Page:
Is design losing its humanity? No one would suggest that computers are as adept as talented humans at creating innovative designs — yet — but technology has been making a significant impact on design-related professions in the last few years.
In some cases, technology has lessened the amount of contact designers have with clients, colleagues and professional development organizations, causing a shift in the way the public relates to the profession.
But when used judiciously and with some forethought, technology can reintroduce a strain of much-needed humanity into these essentially creative disciplines.
Technology’s impact on the design process
I never design a building before I’ve seen the site and met the people who will be using it.
– Frank Lloyd Wright
When undertaking to design something, one has in mind the intended function of the product one is creating. One of the biggest challenges a graphic designer will face is to work with the client to triangulate the visual elements, ergonomic concerns and brand qualities that will result in the most efficient realization of the product’s intended function.
In product design, this could mean creating the most elegant and ergonomic computer mouse. In graphic design, it often means creating a logo. Web designers need to understand the quickest and most effective ways to translate their clients’ business ideas into functional and marketable websites.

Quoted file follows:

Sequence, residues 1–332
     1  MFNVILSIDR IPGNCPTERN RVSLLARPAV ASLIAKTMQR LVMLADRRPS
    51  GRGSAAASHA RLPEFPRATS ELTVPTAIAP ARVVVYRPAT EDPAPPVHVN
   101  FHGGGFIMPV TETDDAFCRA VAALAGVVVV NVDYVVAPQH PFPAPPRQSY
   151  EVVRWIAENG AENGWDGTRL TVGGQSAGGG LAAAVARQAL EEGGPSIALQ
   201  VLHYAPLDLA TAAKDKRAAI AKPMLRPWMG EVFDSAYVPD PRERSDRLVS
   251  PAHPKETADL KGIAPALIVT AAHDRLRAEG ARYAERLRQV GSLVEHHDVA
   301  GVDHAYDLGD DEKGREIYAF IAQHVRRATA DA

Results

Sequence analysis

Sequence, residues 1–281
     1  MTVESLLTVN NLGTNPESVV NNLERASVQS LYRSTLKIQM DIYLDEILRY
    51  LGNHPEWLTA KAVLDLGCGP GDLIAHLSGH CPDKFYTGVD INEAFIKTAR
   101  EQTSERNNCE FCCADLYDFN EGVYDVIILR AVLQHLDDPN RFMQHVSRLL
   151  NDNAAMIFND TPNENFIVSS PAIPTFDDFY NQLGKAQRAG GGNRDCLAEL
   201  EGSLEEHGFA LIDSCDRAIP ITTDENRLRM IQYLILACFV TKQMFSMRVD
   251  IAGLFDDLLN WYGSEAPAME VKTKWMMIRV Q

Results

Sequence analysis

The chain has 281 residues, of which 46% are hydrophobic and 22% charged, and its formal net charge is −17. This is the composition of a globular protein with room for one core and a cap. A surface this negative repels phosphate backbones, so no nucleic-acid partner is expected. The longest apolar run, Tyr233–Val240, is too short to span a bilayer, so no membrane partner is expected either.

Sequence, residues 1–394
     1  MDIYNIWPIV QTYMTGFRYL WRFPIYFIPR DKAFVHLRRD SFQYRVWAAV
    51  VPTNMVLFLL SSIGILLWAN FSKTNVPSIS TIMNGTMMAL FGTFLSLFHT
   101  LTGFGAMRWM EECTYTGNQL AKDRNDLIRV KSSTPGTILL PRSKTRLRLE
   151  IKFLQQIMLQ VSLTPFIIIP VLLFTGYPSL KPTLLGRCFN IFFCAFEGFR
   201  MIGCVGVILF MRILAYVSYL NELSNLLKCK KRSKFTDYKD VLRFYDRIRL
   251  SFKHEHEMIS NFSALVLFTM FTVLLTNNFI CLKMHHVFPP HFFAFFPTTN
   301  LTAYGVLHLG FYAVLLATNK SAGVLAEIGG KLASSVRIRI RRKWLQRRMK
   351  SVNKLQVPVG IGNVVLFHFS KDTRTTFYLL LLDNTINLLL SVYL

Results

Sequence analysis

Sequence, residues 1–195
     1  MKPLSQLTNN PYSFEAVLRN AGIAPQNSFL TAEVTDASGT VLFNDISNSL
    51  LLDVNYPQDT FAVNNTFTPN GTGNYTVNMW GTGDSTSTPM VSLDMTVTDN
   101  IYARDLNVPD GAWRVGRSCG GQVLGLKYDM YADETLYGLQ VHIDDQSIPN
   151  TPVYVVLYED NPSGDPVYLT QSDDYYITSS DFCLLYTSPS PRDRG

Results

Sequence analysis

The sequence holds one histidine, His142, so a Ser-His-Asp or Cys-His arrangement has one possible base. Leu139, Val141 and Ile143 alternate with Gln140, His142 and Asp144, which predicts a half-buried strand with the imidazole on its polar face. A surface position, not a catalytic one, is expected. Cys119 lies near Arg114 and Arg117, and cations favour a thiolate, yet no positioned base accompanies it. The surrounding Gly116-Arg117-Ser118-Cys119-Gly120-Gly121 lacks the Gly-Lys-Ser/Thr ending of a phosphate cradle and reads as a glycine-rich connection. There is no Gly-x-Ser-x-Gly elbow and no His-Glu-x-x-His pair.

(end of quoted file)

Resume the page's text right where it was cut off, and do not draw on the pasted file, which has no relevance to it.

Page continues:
In the past, the process of turning a client’s brief into a product was conducted by face-to-face meetings. Now, many clients prefer to submit briefs electronically and get work back the same way.
Without these face-to-face meetings, which were the cornerstone of the client-designer relationship, designers who lack writing or technical skill might find themselves unable to accurately convey their technical and creative prowess. And without the face-to-face experience of discussing a project, can a designer ever be sure they know what the client wants?
Increase speed, decreased efficiency
Design is a plan for arranging elements in such a way as best to accomplish a particular purpose.
– Charles Eames
While working long distance may seem like an efficient change to the industry’s business model, on closer inspection and experience, one realizes that without human contact, communicating ideas effectively is harder and less precise. Without clear communication between client and designer, the process is prolonged, thus reducing the designer’s efficiency.